A new study published in the journal Nature Communications sheds light on the interconnectedness of ocean currents and rainfall. A team of scientists from The University of Texas at Austin determined that changes in currents in the Atlantic Ocean affect rainfall in the Western Hemisphere and have for the past several thousand years. This has a big implication because it means we could study the historical pattern in order to better understand what to expect in the future.
"The mechanisms that seem to be driving this correlation [in the past] are the same that are at play in modern data as well," said lead author Kaustubh Thirumalai. "The Atlantic Ocean surface circulation, and however that changes, has implications for how the rainfall changes on continents."
In order to figure out this correlation, the researchers analyzed sediment cores from the seafloor of the Gulf of Mexico to track changes in ocean circulation. The cores told them about the temperature and salinity of the ocean in 30-year increments. In total, the three sediment cores gave them a glimpse of what the ocean currents looked like over the last 4,400 years. With those 30-year increments, says Thirumalai, we can tell what currents looked like on the basis of 100-year changes. "And the question we decided to ask was what can those reconstructions of temperature and salinity tell us about the greater Atlantic Ocean surface circulation."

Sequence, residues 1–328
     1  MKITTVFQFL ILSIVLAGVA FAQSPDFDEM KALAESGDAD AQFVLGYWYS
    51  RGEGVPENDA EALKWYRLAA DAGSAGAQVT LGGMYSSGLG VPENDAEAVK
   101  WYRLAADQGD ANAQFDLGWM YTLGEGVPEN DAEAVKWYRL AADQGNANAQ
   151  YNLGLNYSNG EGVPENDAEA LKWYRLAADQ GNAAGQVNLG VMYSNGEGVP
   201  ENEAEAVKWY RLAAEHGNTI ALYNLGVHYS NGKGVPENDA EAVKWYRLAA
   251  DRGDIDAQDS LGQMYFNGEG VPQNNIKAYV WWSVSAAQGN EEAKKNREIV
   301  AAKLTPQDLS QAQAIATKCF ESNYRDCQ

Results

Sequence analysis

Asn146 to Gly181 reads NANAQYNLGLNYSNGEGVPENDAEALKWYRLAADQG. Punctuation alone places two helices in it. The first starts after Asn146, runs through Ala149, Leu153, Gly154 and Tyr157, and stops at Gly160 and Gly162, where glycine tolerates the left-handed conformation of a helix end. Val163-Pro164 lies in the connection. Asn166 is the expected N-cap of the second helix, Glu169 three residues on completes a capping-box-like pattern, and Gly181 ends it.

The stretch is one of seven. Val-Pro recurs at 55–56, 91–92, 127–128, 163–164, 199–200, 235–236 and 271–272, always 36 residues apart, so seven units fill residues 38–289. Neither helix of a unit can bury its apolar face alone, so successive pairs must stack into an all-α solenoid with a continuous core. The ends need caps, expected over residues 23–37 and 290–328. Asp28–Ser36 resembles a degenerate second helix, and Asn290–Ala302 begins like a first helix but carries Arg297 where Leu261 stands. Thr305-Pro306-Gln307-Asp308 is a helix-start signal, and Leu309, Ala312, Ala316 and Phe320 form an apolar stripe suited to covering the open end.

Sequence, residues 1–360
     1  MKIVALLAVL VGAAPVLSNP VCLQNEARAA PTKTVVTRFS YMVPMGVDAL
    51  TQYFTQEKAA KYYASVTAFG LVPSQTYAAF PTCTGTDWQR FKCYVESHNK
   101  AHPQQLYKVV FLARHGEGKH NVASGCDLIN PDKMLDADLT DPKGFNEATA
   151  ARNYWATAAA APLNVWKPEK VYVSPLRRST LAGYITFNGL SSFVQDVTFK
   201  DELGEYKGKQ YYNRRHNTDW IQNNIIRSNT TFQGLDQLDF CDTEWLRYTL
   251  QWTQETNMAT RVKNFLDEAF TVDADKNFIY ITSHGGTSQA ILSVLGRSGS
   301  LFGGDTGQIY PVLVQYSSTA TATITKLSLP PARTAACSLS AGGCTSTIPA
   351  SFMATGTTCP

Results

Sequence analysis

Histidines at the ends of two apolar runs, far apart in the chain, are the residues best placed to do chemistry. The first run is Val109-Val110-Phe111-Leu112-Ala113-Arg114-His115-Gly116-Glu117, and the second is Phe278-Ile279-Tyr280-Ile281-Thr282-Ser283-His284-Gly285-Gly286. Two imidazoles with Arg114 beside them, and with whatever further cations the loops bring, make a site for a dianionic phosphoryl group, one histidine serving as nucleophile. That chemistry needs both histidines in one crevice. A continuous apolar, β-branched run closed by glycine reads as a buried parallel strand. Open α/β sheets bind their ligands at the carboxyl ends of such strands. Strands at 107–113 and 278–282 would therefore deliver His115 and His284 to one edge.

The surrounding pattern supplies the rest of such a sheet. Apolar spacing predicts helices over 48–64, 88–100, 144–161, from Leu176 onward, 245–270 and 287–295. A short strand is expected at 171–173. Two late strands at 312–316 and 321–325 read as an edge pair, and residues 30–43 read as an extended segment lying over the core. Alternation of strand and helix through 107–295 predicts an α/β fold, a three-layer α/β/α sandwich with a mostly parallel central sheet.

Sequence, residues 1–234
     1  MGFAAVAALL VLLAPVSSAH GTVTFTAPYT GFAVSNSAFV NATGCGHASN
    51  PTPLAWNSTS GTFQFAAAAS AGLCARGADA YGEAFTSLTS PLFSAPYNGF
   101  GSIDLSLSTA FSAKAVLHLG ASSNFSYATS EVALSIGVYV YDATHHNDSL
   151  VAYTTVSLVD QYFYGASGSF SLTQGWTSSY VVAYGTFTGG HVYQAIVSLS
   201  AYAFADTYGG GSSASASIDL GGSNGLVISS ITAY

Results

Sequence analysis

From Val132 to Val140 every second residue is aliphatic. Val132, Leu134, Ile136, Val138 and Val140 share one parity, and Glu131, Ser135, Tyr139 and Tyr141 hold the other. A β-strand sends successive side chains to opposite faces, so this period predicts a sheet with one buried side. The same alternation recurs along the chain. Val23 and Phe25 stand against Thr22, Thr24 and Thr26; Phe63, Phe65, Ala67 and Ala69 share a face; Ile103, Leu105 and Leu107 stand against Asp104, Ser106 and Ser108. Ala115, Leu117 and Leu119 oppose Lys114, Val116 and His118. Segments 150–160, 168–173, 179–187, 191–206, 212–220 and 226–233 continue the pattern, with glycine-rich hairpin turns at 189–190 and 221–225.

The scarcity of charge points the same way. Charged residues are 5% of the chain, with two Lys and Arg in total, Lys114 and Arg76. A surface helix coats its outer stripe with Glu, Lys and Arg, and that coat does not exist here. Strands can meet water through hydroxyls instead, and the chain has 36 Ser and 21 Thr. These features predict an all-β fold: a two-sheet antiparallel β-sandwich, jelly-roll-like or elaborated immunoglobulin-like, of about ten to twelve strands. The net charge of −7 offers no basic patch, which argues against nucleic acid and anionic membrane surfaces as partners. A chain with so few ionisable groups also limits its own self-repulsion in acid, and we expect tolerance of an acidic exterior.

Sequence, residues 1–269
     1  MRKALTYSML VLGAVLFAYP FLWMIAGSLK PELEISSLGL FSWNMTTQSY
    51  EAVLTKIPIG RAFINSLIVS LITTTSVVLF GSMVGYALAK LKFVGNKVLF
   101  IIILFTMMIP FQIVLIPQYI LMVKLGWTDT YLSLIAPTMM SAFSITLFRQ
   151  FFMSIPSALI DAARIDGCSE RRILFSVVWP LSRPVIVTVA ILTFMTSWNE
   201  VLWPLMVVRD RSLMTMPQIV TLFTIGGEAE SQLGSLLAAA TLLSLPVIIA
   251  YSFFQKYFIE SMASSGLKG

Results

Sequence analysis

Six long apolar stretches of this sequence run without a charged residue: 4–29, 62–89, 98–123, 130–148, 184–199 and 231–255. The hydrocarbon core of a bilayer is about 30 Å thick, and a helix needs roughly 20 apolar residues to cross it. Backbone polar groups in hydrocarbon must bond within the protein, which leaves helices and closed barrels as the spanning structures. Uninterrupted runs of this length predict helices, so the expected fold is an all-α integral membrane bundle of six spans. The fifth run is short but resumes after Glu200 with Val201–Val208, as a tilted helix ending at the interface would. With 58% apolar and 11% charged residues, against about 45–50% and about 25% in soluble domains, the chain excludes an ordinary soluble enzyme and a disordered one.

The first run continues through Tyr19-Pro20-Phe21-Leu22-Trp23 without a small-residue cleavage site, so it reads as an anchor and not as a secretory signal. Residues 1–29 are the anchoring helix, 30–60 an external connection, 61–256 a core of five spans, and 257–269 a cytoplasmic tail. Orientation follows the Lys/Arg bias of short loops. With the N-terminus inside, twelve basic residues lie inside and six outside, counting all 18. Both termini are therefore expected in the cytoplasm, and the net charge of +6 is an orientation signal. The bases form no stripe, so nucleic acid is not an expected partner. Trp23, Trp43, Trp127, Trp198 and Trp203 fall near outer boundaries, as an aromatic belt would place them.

The scientists used several records in order to conduct their study. They compared the sediment core data with existing data from tree rings and cave formations; they also looked a climate model from the Max-Planck Institute for Meteorology to see the correlation between currents and rainfall and analyzed data on the temperature and salinity of the Gulf and rainfall in the Western Hemisphere from the last 100 years.
They determined that the Atlantic Ocean surface circulation was much weaker during the Little Ice Age (which took place from 1450-1850) than it is today. Ocean surface circulation influences the planet’s global climate patterns by circulating warm water from the tropics towards the poles. But how, the scientists wondered, does it affect rainfall in the Western Hemisphere?
They found significant similarities. "It was remarkable," Thirumalai said. "These patterns that are based on decadal analysis of modern data, and then the hydroclimate proxies that give the salinity of the oceans and the rainfall on land seem to show the same picture."
This gives science a baseline for understanding and predicting future salinity and temperature changes, and the influences that those changes will have on rainfall. That information could be a crucial part of the puzzle to learning to live on our planet in a climate-changing world.
Sources: Science Daily, Nature Communications